After months of feverish anticipation (chiefly voiced in the Guardian’s Media supplement), Guardian America finally launched today – boasting an exclusive interview with Hilary Clinton and a whole section dedicated to the 2008 presidential elections.
In his welcome note, editor Michael Tomasky says the new site will represent ‘the liberal interest’ expressing its worldview of the world ‘a bit more openly than American newspapers do’, looking at the events of the day ‘from a slightly different angle than US papers, and focusing in on some matters that they might ignore’.
Tomasky also proudly points out that the Guardian already has five million unique visitors to its site per month. But this begs the question – why bother with a US edition at all? Do Americans really need their news re-ordered in ways that have been deemed more interesting to them (ie. with a story about Ireland moved up to the landing page)?
And in this is there not an implicit– and slightly patronising – assumption that Americans are no good at making news themselves, or have to be spoon-fed information people from other countries are perfectly capable of rooting out for themselves? Tomasky claims to not know what the Peterloo massacre was – ‘ but is sounds bad’. Is this, one wonders, deliberate dumbing down?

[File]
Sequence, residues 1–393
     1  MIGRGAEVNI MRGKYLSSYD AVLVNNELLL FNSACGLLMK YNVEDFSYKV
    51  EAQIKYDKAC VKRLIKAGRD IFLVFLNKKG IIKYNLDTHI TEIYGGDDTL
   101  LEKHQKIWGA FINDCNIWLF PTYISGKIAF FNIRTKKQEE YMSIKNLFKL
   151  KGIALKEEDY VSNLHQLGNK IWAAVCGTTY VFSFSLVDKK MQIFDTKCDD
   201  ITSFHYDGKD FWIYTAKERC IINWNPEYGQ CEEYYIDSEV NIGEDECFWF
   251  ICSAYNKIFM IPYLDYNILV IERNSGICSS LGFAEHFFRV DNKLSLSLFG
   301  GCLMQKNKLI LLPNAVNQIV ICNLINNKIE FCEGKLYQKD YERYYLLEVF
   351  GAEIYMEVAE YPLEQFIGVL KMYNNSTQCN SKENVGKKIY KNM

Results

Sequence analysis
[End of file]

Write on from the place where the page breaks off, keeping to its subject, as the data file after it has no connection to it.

That the site will adhere to British English further calls into question who it’s really aimed at – is it going to be a barometer for what Americans are thinking, or for what British liberals think America should be thinking?
The counter-argument, of course, is that you can never have too much information, there is a chronic lack of foreign news coverage in the mainstream US media, and the site will be of interest not only to Americans, but those interested in American interests. Besides, it’s not as if you’d be hard pressed to find American products on the British web, TV and airwaves.